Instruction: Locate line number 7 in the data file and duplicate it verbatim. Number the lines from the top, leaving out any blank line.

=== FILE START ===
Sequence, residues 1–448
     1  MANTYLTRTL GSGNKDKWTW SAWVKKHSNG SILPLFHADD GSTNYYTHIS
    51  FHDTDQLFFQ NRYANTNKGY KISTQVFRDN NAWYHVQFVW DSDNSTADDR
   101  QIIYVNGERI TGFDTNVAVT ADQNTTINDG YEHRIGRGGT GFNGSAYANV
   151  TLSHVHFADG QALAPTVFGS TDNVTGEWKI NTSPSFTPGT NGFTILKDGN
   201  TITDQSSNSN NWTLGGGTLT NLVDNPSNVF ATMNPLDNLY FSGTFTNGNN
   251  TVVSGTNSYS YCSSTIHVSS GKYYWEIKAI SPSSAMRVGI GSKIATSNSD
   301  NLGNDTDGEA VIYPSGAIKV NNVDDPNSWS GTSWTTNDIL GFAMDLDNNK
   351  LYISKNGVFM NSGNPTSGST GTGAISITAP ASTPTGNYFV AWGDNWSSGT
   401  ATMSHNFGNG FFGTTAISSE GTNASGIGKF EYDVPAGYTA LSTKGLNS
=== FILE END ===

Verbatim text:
   251  TVVSGTNSYS YCSSTIHVSS GKYYWEIKAI SPSSAMRVGI GSKIATSNSD